Last summer, I became a little obsessed with making no-churn vanilla ice cream. Typically, no-churn formulas combine evaporated or sweetened condensed milk with whipped cream for a relatively rich and dense frozen dessert with a distinctive flavor, owing to canned milk. This style can be tasty, but is often lacking in the custardy notes and light texture we associate with a classic, churned ice cream.
For a more traditional profile, if not technique, my recipe starts with whole eggs that have been briefly cooked over a water bath, then whipped until cool and folded with whipped cream.
The whipped eggs provide a mild custard flavor along the lines of a conventional ice cream, while the whipped cream adds a fresh dairy flavor and richness. Together, they produce a texture so light that no additional churning is required, in a low-moisture format that resists ice-crystal formation.
As excited as I was about those results, the first question from almost everyone was: What about chocolate?!
While the answer might seem a simple matter of whisking some cocoa powder into that vanilla base, the reality is a little more complex. Whether natural (acidic) or Dutch (alkaline), cocoa powder is relatively high in fiber and starch, as well as saturated fat, properties that can produce some unexpected behaviors in frozen or liquid formulas.
The starchiness of even a high-fat cocoa makes it rather absorbent, meaning that when it's incorporated into the vanilla base it creates a thicker mixture that won't aerate as well. In ice cream form, that can translate into a texture that feels dense and dry. Meanwhile, the added fat from cocoa butter tends to freeze rock-hard, making the ice cream difficult to scoop.
Knowing these behaviors means we can work around them, and the adjustments to the formula required to make a good no-churn chocolate ice cream are simple indeed. So long as we use the good stuff, anyway!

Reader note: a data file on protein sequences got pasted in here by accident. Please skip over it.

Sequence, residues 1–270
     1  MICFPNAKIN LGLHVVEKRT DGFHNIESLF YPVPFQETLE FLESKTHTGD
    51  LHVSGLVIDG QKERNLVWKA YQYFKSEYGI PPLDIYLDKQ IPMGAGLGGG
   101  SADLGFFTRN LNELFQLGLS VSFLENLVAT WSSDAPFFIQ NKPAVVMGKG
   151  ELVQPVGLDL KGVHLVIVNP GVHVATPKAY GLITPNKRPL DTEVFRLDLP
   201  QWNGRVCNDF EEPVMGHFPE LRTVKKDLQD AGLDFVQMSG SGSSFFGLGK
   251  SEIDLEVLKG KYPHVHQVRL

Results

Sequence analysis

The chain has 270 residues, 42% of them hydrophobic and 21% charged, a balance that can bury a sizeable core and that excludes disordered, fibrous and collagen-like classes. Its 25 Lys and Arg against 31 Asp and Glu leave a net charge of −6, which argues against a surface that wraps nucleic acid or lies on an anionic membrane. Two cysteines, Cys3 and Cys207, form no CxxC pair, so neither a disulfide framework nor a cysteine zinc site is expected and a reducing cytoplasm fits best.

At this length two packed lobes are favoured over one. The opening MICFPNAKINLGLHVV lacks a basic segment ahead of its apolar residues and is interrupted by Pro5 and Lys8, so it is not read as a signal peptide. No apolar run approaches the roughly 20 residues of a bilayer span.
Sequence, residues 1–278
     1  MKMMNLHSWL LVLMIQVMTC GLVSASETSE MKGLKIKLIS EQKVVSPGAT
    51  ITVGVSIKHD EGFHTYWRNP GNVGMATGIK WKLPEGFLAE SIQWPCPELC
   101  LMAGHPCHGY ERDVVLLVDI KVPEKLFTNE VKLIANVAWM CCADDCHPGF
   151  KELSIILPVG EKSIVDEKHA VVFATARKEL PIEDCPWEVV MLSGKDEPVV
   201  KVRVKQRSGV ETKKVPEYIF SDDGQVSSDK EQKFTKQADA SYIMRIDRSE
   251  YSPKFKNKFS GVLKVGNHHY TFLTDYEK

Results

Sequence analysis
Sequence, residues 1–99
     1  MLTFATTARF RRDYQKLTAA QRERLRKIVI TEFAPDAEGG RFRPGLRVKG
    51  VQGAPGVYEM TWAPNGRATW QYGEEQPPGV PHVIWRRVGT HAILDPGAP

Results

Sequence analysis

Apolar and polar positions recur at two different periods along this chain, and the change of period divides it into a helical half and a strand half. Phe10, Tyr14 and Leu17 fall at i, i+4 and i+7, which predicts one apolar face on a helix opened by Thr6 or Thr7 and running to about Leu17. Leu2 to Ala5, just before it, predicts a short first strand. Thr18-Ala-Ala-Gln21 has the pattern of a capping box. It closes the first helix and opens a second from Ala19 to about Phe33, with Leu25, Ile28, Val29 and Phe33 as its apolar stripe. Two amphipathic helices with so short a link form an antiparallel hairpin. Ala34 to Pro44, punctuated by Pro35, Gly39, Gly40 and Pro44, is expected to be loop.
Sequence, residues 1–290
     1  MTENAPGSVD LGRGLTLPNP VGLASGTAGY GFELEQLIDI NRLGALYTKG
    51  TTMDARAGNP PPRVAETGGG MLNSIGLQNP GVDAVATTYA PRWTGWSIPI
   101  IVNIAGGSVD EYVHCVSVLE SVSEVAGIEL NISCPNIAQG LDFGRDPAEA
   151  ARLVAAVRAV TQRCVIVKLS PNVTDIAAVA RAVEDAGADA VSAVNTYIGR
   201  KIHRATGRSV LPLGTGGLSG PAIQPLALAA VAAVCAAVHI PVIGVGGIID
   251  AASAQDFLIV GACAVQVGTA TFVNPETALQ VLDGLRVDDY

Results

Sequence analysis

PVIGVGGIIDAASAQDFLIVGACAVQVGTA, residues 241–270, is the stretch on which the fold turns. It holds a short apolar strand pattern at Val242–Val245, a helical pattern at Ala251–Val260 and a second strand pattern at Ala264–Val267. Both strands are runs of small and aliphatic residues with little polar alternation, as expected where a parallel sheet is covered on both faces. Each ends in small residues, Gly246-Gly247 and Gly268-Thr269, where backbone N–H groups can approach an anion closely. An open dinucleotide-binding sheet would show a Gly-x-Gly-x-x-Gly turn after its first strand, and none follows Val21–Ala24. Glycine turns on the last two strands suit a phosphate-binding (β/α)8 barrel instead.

While this recipe will work well with both Dutch and natural cocoa powder styles, it's important to avoid the low-fat brands commonly sold in supermarkets, as these will make an ice cream that's starchy and bland. For more information on what to look for when shopping, as well as our favorite brands, see our guide to buying Dutch cocoa and our guide to natural cocoa.
To offset cocoa powder's freezing point and the amount of liquid it absorbs, this formula uses slightly more sugar and cream, plus a generous splash of alcohol. Don't worry—it won't make this ice cream taste boozy, or prevent kids from enjoying it, too. It's only enough extra liquid (two tablespoons) to balance the starchy cocoa without risking the ice-crystal formation that would result from adding water.
Plus, booze gives us a chance to layer in a bit of extra flavor and complexity. I like to use crème de cacao for an extra-chocolaty vibe, but complementary flavors like nuts (Frangelico, Nocino), coffee (Kahlúa, Tia Maria), and the caramel-like qualities in dark rum and bourbon can work well, too, especially with Dutch cocoa. Or try a contrasting note of citrus (Cointreau, Grand Marnier), cherry (Luxardo maraschino liqueur, kirsch), or herbs (sambuca, Cynar), which work particularly well with natural cocoa.